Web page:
October 25, 2004

Here's the (Political) Thing

I'm not against elected officials having a religion (or a 'faith' as we seem to be calling it these days). I'm not opposed to elected officials using their religious beliefs to help them make decisions. I'm not an atheist.

From what I know of most religions, they teach pretty good things. The whole 'love thy neighbor' thing, I'm a fan of that. Most religions are at least somewhat based upon doing good things for others, and being an overall nice person. Now, these are things that we should be doing without needing a religion to suggest it to us, but really, however you get it, that's fine.

Having a good set of morals, caring about people, and having faith in one's self are all very important to being a leader. Having a religion doesn't necessarily mean that you have these qualities, anymore than having a puppy makes you considerate of cleaning up your dog's poo, but it does give a bit of a push in that direction.

What I am against is the legislation of religious ideas. Our country was founded by religious people, but they understood that religion and government should not intertwine. The government should not intrude into the workings of the church, and the church should keep out of government affairs.

About 56% of the people of the United States are Protestants. A leader that legislates, or works towards the legislation of, religious ideas could assume that since a majority of people are Protestants, that there should be a law that everyone must have ash on their forehead on Ash Wednesday. Now, they certainly have the majority, but is it -right-? No.

The idea that gay and lesbian people should not have the same rights as heterosexual individuals is a religious idea. This is an issue of faith, and just because the majority of the religious beliefs in the U.S. suggest that homosexuality isn't right, it is wrong to put this into law. It's just as absurd as mandated ash.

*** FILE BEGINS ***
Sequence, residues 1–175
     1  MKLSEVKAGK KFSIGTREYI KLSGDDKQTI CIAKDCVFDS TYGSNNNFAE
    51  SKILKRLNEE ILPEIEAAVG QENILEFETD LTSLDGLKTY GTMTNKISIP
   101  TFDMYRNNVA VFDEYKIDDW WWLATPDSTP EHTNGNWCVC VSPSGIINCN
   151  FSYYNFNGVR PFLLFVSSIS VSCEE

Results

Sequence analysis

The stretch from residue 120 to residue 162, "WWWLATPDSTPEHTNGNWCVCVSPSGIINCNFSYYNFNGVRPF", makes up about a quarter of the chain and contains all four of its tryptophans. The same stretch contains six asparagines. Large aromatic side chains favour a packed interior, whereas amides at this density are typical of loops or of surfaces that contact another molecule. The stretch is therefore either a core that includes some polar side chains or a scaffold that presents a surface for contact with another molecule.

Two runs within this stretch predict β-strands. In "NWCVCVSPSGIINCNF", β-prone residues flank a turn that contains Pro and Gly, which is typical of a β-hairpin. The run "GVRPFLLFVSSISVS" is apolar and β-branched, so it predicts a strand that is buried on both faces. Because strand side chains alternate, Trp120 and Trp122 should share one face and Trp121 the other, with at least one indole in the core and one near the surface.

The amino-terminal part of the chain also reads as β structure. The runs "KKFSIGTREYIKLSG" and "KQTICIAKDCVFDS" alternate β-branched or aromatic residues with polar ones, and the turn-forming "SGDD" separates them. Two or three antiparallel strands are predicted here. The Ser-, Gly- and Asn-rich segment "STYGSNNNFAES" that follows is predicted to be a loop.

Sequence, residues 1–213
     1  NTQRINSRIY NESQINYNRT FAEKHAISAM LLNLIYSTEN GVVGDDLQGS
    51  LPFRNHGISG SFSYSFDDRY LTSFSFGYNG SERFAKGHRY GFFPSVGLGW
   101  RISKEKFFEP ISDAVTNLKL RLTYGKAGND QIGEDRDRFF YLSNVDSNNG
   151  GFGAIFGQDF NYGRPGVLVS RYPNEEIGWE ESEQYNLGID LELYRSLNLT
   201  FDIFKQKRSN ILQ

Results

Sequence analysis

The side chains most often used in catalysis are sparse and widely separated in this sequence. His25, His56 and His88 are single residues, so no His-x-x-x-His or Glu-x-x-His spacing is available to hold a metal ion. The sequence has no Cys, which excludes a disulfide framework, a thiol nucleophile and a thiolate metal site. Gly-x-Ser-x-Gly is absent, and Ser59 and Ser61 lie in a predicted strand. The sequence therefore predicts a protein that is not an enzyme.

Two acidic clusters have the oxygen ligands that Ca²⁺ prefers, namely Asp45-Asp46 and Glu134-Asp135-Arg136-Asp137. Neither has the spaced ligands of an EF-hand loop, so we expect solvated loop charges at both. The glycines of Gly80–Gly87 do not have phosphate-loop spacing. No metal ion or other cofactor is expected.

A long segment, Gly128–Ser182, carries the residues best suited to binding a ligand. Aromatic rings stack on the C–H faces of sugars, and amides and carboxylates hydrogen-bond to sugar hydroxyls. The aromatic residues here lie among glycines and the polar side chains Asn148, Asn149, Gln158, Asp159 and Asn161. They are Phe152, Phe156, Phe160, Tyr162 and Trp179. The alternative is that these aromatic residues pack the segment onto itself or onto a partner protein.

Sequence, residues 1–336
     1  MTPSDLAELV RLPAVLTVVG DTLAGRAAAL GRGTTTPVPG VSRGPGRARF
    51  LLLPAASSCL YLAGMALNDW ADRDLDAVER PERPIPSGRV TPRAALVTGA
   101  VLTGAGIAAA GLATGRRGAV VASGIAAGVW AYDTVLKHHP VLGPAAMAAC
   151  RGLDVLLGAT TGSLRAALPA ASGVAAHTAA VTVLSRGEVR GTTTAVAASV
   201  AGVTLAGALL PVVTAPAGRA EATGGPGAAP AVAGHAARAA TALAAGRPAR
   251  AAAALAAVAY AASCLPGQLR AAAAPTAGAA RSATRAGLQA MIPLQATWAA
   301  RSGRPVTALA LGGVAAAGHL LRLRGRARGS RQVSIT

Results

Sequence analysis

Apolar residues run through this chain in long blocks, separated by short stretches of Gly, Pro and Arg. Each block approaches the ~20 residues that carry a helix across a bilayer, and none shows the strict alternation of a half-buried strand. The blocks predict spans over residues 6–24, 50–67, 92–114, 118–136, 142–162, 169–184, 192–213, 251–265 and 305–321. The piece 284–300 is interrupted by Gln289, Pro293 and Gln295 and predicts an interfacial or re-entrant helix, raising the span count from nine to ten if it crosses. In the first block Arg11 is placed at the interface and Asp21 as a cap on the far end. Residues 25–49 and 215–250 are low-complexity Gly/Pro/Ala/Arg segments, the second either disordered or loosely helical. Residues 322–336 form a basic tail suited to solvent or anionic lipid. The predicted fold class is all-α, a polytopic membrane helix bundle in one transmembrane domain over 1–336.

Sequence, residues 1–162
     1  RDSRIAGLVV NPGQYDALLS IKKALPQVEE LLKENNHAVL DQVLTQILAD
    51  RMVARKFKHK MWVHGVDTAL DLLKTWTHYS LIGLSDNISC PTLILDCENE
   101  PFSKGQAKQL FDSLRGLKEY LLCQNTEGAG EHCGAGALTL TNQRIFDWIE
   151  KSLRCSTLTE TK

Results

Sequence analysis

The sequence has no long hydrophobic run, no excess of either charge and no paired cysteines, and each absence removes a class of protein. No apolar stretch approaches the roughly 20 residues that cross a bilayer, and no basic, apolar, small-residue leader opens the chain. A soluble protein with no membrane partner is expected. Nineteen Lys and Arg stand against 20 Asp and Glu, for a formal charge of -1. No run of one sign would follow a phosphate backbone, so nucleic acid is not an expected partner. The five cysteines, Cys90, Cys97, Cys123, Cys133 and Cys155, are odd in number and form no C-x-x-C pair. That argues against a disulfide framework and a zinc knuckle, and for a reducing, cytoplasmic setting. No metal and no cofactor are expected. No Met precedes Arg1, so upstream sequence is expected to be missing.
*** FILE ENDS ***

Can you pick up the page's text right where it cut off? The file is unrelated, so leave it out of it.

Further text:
Don't push your religious ideas on me, don't make the Constitution of the United States (or of a particular state) your missionary. You may be in the majority, but that doesn't mean that you have the right to push people around. Love your neighbor, don't limit them. Reach out to other people, don't create a divide.

3 Comments:

At 10:21 AM, Momma Lee said...

Amen, Brother! ;)

What gives these people the balls to think they're right and everyone else is wrong has always been a mystery to me. There are things in this world that are black and white, wrong and right - but matters of faith are not among them. They are BELIEFS. If you want to convince someone that your way of living is better than their's, then live your life as a role model. Forcing people into following your "way" is not going to work. We built this country in part because we were being forced into a specific religion . . . why are we losing that sensitivity now? Why have we become a cold, hard, intolerant nation? I have one possible answer:

A culture of fear.

 
At 10:54 AM, Kyle said...

I'm reminded of a line by the great Tom Reagan, which reads, simply, "Nothing more foolish than a man chasin' his hat."

Amen-n-Amen.

 
At 2:40 PM, Kyle said...

Also, of course, I agree. Well put!

(Sorry about the previous comment. My bad)

 

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